What Is a Chromatid?

3D diagram describing the different parts of homologous chromosomes.

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A chromatid is one half of a replicated chromosome. Prior to cell division, chromosomes are copied and identical chromosome copies join together at their centromeres. Each strand of one of these chromosomes is a chromatid. Joined chromatids are known as sister chromatids. Once linked sister chromatids separate from one another during anaphase of mitosis, each is known as a daughter chromosome.

Chromatids

  • A chromatid is one of two strands of a copied chromosome.
  • Chromatids that are joined together at their centromeres are called sister chromatids. These chromatids are genetically identical.
  • Chromatids are formed in both the cellular division processes of mitosis and meiosis.

Chromatid Formation

Chromatids are produced from chromatin fibers during both meiosis and mitosis. Chromatin is composed of DNA and skeletal proteins and is called a nucleosome when wrapped around these proteins in sequence. Even more tightly wound nucleosomes are called chromatin fibers. Chromatin condenses DNA enough to fit within a cell's nucleus. Condensed chromatin fibers form chromosomes.

Before replication, a chromosome appears as a single-stranded chromatid. After replication, a chromosome appears in an X-shape. Chromosomes are first replicated and their sister chromatids are then separated during cell division to ensure that each daughter cell receives the appropriate number of chromosomes.

Chromatids in Mitosis

When it is time for a cell to replicate, the cell cycle begins. Before the mitosis phase of the cycle, the cell undergoes a period of growth called interphase where it replicates its DNA and organelles to prepare for division. The stages that follow interphase are listed chronologically below.

  • Prophase: Replicated chromatin fibers form chromosomes. Each replicated chromosome consists of two sister chromatids. Chromosome centromeres serve as a place of attachment for spindle fibers during cell division.
  • Metaphase: Chromatin becomes even more condensed and sister chromatids line up along the mid-region of the cell or the metaphase plate.
  • Anaphase: Sister chromatids are separated and pulled toward opposite ends of the cell by spindle fibers.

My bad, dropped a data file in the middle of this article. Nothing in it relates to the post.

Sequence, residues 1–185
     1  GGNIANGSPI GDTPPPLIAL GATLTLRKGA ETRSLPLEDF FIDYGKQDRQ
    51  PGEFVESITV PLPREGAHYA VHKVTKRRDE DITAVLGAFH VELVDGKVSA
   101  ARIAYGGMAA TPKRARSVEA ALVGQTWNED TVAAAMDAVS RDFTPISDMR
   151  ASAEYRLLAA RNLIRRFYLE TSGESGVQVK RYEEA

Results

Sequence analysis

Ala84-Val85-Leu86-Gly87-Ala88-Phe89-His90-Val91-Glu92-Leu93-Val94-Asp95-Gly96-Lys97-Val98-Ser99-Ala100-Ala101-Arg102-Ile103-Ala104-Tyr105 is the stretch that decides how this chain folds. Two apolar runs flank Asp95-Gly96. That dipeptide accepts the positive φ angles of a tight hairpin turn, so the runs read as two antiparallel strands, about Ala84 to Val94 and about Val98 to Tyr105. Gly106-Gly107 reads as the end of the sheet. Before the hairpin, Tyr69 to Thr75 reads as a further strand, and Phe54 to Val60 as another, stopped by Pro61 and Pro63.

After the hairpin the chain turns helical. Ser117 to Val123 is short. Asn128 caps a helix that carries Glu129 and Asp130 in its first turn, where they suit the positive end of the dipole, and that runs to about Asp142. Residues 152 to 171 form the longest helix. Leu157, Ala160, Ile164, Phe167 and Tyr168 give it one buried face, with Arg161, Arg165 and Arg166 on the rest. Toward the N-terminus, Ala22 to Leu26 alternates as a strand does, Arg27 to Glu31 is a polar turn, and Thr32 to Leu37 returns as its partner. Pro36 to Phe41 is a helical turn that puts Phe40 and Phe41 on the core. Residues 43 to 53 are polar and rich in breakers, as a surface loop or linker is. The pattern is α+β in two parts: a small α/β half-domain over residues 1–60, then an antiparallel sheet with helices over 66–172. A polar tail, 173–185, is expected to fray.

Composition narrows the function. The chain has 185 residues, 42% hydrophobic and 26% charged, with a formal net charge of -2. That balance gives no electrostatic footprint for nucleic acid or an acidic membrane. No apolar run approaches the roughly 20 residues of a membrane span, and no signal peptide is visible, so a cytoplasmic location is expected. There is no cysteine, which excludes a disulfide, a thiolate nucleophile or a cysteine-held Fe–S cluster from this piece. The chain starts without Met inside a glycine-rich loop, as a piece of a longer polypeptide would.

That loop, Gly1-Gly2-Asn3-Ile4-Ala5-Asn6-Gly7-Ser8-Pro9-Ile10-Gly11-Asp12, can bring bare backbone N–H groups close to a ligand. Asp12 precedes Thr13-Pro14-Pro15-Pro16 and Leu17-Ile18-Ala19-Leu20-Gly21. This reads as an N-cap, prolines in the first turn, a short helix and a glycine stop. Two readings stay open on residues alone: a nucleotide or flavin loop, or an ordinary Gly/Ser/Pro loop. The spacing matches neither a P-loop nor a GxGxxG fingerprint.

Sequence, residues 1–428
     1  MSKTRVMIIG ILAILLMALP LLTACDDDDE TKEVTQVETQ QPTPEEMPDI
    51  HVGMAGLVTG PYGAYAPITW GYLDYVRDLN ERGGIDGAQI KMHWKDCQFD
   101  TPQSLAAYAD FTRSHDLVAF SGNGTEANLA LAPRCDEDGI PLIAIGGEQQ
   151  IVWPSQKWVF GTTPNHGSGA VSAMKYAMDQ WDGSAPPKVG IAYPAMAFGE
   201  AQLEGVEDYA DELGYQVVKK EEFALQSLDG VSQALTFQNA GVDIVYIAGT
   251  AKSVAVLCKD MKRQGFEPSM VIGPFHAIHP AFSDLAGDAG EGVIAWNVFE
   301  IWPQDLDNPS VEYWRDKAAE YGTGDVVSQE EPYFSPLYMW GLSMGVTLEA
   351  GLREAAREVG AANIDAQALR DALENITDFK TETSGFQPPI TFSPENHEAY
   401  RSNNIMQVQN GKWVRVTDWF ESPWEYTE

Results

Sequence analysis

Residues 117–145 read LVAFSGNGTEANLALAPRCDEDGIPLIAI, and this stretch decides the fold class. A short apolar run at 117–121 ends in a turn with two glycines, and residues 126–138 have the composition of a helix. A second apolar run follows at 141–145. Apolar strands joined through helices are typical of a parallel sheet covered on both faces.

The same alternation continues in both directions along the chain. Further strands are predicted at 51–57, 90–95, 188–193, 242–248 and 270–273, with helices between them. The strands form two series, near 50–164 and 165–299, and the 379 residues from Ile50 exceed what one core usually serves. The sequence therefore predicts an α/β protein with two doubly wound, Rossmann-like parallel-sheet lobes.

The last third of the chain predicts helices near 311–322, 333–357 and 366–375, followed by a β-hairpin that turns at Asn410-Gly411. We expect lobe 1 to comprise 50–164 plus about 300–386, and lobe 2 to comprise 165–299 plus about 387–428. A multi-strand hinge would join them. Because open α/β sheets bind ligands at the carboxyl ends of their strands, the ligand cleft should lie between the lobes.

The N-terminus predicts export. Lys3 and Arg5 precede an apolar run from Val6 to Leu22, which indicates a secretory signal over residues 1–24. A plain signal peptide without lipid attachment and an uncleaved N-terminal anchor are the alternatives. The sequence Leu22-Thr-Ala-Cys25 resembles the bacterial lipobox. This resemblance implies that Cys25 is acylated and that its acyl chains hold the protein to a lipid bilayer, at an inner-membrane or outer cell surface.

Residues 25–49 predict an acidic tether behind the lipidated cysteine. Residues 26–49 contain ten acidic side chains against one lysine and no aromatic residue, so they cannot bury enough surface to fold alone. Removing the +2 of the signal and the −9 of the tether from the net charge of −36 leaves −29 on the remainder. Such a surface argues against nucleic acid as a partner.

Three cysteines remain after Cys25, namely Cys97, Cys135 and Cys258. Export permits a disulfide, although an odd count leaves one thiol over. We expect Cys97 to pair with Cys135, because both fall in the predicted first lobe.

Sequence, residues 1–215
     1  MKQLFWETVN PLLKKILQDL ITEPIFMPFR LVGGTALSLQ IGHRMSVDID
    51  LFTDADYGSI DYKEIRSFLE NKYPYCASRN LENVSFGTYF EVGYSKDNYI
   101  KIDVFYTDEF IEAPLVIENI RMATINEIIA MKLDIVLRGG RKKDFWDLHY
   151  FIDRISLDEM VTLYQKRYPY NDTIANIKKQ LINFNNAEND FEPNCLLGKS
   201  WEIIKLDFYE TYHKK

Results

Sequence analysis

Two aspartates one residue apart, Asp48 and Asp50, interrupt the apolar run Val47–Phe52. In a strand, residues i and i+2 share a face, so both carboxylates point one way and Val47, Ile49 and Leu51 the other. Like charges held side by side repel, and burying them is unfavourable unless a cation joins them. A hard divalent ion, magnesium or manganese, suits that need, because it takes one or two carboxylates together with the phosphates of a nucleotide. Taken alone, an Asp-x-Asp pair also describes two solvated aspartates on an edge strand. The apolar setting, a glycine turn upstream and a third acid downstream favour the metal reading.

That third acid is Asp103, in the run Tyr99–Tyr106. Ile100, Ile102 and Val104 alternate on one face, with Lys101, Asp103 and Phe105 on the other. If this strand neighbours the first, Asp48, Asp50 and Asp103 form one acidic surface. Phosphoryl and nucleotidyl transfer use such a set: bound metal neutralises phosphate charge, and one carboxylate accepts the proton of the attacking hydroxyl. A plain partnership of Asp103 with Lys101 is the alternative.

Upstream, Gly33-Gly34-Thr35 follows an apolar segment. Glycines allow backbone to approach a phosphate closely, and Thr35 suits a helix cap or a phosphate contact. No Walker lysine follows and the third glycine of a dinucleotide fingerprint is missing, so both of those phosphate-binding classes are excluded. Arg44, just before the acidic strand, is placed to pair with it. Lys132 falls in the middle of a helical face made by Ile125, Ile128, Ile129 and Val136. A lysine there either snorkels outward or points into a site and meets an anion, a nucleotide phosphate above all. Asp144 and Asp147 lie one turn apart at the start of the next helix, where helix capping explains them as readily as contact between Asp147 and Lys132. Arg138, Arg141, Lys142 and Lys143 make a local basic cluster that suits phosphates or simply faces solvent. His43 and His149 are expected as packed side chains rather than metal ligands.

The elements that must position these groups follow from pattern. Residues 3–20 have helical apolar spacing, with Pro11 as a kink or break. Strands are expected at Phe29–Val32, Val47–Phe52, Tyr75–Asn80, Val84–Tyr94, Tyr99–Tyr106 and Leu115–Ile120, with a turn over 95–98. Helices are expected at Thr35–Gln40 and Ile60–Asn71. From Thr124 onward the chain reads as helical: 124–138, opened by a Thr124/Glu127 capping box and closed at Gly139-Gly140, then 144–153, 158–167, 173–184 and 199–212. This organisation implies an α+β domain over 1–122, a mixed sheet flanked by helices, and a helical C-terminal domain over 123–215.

• Telophase: Each separated chromatid is known as a daughter chromosome and each daughter chromosome is enveloped in its own nucleus. Two distinct but identical daughter cells are produced from these nuclei following the division of the cytoplasm known as cytokinesis.

Chromatids in Meiosis

Meiosis is a two-part cell division process carried out by sex cells. This process is similar to mitosis in that it consists of prophase, metaphase, anaphase and telophase stages. During meiosis, however, cells go through the stages twice. Because of this, sister chromatids do not separate until anaphase II of meiosis.

After cytokinesis at the end of meiosis II, four haploid daughter cells, containing half the number of chromosomes of the original cell, are produced.

Illustration of sex cells produced during meiosis, showing Interphase, Prophase, Metaphase.
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Nondisjunction

It is vital that chromosomes separate correctly during cell division. Any failure of homologous chromosomes or chromatids to separate correctly is known as nondisjunction. Nondisjunction occurs during anaphase of mitosis or either stage of meiosis. Half of the resulting daughter cells from nondisjunction have too many chromosomes and the other half have none at all.

The consequences of having either too many or not enough chromosomes are often serious or even fatal. Down syndrome is an example of nondisjunction resulting from an extra chromosome and Turner syndrome is an example of nondisjunction resulting from a missing whole or partial sex chromosome.

Sister Chromatid Exchange

When sister chromatids are in close proximity to one another during cell division, the exchange of genetic material can occur. This process is known as sister-chromatid exchange or SCE. During SCE, DNA material is swapped as portions of chromatids are broken and rebuilt. A low level of material exchange is typically considered safe, but when the exchange reaches excessive levels, it can be hazardous to the individual.